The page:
Monday, February 22, 2016

project add

Change the soft limit
become a user, add the following value on user profile
vi .profile
ulimit -Sn 1024
vi .bash_profile
ulimit -Sn 1024

# projadd -U oinstall -p 101 -c "Oracle Oinstall" user.oinstall
# projmod -sK "process.max-file-descriptor=(privileged,65536,deny)" user.oinstall
# projects -l
# projmod -sK "project.max-shm-memory=(privileged,17179869184,deny)" user.oinstall
# projmod -sK "project.max-sem-nsems=(privileged,810,deny)" user.oinstall
# projects -l
# vi /etc/project
  515  projmod -sK "process.max-sem-nsems=(privileged,810,deny)" user.oinstall
  516  projects -l
  517  vi /etc/project
  518  history

        projid : 100
        comment: "Oracle Grid Infra"
        users  : grid
        groups : (none)
        attribs: process.max-file-descriptor=(privileged,65536,deny)
        projid : 101
        comment: "Oracle Oinstall"
        users  : oinstall
        groups : (none)
        attribs: process.max-sem-nsems=(privileged,810,deny)


From man page.
Example 1: Adding a Project
     The following command creates  the  project  salesaudit  and
     sets  the resource controls specified as arguments to the -K
     projadd -p 111 -G sales,finance -c "Auditing Project" \
        -K "rcap.max-rss=10GB" \
        -K "process.max-file-size=(priv,50MB,deny)" \
        -K "task.max-lwps=(priv,100,deny)" salesaudit
     This  command  would  produce   the   following   entry   in
     salesaudit:111:Auditing Project::sales,finance: \
     process.max-file-size=(priv,52428800,deny); \
     Note  that  the  preceding  would  appear  as  one  line  in
     Comparing  the  projadd  command  and  resulting  output  in
     /etc/project,  note  the effect of the scaling factor in the
     resource cap (rcap.max-rss=10GB) and  the  resource  control
     (process.max-file-size=(priv,50MB,deny)). Modifiers, such as
     B,  KB,  and  MB,  and  scaling  factors  are  specified  in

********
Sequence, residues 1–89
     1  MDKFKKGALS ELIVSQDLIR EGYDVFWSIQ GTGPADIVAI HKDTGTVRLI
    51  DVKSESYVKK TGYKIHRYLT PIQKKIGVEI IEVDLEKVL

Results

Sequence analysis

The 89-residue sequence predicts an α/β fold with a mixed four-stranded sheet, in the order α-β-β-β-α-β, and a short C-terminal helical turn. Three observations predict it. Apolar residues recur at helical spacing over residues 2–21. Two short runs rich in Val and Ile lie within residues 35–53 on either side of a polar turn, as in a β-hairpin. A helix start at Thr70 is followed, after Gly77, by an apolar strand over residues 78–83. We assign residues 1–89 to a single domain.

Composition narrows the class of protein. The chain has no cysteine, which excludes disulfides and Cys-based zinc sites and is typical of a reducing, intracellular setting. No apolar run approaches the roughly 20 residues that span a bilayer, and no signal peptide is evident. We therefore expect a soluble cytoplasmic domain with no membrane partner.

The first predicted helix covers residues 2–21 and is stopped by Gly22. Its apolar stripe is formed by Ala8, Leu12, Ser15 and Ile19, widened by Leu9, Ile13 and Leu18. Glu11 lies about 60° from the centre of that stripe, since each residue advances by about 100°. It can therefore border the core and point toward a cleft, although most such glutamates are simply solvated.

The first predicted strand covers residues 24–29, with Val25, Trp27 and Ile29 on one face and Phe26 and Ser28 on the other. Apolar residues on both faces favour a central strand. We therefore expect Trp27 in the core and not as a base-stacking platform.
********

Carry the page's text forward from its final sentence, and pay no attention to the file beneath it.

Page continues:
The following exit values are returned:
     0        Successful completion.
     2        The command syntax was invalid. A usage message for
              projadd is displayed.
     3        An invalid argument was provided to an option.
     4        The projid given with the -p option is  already  in
     5        The project files contain an error. See project(4).
     6        The project to be added, group, user,  or  resource
              does not exist.
     9        The project is already in use.
     10       Cannot update the /etc/project file.
     /etc/project            System project file

Adaptive Server Enterprise 15.7 > Installation Guide Adaptive Server Enterprise 15.7 for Sun Solaris > Preparing to Install Adaptive Server

Adjusting the Operating System Shared Memory Parameters

Adjust shared memory segments if Adaptive Server cannot obtain large memory as a single segment or if Backup Server stripes fail due to insufficient segments.

Depending on the number and types of devices used for backup (dump) and recovery (load), you may need to adjust the shared memory segment parameter in the operating system configuration file to accommodate concurrent Backup Server processes. There are six default shared memory segments available for process attachments.
If any reconfiguration through sp_configure requires additional memory, Adaptive Server allocates shared memory segments after start-up. To account for these additional segments, allocate the maximum memory available to Adaptive Server by using the allocate max shared memory configuration parameter. See the System Administration Guide.
1.Adjust the operating system shared memory parameter.

Solaris 10 has shifted to a new method of controlling system resources. For this reason shminfo_shmmax is technically obsolete. If you still have an entry for it in /etc/system it will work. However, the new method requires an additional entry to the file /etc/project. For example:project-sybase:200:For use by Sybase:sybase:sybase:
The new parameter is project.max-shm-memory=(privileged,17179869184,deny) — replaces the old parameter shminfo-shmmax. “Privilege” is a threshold value on a resource control that constitutes a point at which local actions are triggered or global actions such as logging into a machine can occur.
Privilege levels: ?
Basic – can be modified by the owner of the calling process.
Privilege – can be modified by privileged callers.
System – is fixed for the duration of the operating system instance.

In specifying the threshold value of “privilege”, you can use the abbreviation “priv” For example:project.max-shm-memory=(priv, 17179869184,deny)
"17179869184" – is the threshold value (16GB) on the resource control.
deny – denies attempts to use more than 16GB.

The default value for project.max-shm-memory is 25% of the physical memory on the system. The maximum value is UINT64_MAX, which works out to 18446744073709551615 bytes, so is limited only by the size of the physical memory.
To set the project.max-shm-memory while the system is running use the prctl command. The rctladm command sets the configuration permanently.